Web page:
Cork councillor calls for veil ban

A Cork councillor has called for a ban on burkas, balaclavas or other any clothing that masks identity, on the grounds of public safety.

Cllr Joe O’Callaghan (FG) said now was the time to deal with the issue as those affected are a “tiny minority”. His comments were rejected by, among others, Ali Selim, of the Islamic Cultural Centre of Ireland, who described the proposal as “unnecessary”.

Mr O’Callaghan proposed a motion to Cork City Council, calling on Minister for Justice Alan Shatter to ban burkas and give gardaí powers to order youths to remove their hoodies.

“I knew this would cause controversy but I live in a free country and if I have an opinion I will express it. I’m doing it now because I feel now is the time to address this issue, not in five years’ time,” he said. The councillor said burkas, along with balaclavas and hoodies, have become unacceptable in public places for reasons of “public safety and common sense” following recent riots in London.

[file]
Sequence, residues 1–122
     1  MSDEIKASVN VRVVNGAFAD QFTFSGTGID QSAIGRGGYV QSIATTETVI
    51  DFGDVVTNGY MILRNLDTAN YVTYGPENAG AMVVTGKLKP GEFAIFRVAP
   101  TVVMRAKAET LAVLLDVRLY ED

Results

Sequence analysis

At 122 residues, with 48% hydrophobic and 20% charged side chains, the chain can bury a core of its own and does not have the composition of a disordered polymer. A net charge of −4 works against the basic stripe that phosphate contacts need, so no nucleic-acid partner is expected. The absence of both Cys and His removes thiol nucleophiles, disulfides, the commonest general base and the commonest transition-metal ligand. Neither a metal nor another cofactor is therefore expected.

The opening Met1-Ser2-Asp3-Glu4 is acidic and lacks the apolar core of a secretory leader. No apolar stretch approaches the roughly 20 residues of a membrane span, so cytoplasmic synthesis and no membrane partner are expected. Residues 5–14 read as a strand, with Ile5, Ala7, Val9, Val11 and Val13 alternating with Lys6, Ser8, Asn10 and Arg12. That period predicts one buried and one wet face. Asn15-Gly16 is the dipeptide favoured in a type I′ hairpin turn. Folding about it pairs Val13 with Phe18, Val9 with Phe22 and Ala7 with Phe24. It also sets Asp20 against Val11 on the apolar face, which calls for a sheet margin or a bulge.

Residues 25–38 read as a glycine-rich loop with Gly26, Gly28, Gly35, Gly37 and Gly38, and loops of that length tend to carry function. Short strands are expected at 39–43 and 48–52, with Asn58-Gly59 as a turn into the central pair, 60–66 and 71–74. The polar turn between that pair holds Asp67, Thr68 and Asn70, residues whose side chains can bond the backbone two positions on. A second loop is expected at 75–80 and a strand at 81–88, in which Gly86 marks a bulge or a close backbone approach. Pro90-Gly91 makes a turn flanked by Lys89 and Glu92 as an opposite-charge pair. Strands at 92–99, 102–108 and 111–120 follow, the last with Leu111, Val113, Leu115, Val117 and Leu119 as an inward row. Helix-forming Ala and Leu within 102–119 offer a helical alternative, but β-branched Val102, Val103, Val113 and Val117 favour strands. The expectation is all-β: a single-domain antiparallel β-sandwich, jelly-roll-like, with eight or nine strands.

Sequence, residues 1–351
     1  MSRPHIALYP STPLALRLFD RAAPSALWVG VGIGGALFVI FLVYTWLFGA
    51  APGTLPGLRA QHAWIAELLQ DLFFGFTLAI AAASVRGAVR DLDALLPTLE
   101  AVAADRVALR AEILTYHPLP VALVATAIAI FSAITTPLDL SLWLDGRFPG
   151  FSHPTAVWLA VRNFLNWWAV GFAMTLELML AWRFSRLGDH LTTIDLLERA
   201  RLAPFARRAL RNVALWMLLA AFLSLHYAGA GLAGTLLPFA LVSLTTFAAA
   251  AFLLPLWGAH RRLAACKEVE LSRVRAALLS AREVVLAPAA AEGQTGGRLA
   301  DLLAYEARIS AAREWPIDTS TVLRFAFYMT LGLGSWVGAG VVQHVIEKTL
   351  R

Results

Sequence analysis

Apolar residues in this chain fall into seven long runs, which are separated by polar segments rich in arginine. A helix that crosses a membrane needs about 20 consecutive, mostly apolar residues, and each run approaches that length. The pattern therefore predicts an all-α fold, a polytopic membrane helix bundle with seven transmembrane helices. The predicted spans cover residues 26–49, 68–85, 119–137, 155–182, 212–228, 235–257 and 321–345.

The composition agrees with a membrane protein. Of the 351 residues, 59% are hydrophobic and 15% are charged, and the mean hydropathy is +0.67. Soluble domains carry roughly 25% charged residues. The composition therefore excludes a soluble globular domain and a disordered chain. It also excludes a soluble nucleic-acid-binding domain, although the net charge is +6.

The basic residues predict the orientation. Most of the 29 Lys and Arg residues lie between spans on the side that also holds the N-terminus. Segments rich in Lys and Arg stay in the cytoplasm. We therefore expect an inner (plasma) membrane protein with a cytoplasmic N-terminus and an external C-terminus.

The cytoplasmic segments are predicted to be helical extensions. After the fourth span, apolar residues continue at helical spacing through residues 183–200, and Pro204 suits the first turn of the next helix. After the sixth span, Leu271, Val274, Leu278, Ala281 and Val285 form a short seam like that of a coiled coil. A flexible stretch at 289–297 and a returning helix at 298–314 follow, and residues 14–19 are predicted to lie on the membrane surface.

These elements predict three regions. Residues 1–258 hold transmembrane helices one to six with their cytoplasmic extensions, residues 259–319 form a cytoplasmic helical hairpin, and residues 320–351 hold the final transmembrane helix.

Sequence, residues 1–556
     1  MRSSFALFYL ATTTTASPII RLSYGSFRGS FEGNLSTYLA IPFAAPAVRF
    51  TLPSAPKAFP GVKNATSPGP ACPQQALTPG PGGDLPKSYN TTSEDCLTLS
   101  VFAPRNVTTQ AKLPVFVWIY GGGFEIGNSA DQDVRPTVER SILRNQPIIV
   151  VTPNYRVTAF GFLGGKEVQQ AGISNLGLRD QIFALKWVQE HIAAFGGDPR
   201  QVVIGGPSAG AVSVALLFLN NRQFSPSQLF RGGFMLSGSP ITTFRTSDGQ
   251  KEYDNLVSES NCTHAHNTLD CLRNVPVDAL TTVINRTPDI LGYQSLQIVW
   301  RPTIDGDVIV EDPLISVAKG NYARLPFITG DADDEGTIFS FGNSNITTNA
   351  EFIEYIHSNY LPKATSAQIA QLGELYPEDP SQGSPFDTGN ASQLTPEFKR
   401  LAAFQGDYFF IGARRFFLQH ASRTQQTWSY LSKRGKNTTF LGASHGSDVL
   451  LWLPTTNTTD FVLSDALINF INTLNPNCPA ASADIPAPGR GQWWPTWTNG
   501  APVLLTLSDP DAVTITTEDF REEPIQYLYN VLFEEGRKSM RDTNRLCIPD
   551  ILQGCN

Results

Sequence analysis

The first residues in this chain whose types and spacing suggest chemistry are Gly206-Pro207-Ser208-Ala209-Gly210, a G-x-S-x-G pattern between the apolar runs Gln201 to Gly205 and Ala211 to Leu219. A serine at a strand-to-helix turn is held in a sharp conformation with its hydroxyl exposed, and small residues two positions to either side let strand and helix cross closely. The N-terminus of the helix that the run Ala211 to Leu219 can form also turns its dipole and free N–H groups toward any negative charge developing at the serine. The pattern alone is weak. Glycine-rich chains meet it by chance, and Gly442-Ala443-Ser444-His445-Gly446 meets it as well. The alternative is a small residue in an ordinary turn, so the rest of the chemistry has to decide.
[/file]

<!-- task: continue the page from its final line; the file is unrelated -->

He added the burka had no place in modern Irish society. “Wearing a burka is an affront to women in this day and age and this view has been endorsed by one of our local Muslim leaders in Cork. I fail to accept that anyone with any cop-on would like to wrap themselves in what looks like a curtain all day,” Mr O’Callaghan said.

He endorsed the introduction of an Irish law making it obligatory not to cover one’s identity in public.

Mr Selim said the councillor was placing the burka, which has religious significance, in the same context as the hoodie, which has a criminal context.

“How many women has he talked to? And if some women choose to dress this way, why is he imposing a different way of clothing upon them?” Mr Selim said. “Ireland is a society with a good understanding of religion. There are lots of traditions shared between Irish society and Muslim communities. We should aim to unite on friendly ground, not aim to cause conflict among members of the same society.”

Irish Times, 20 August 2011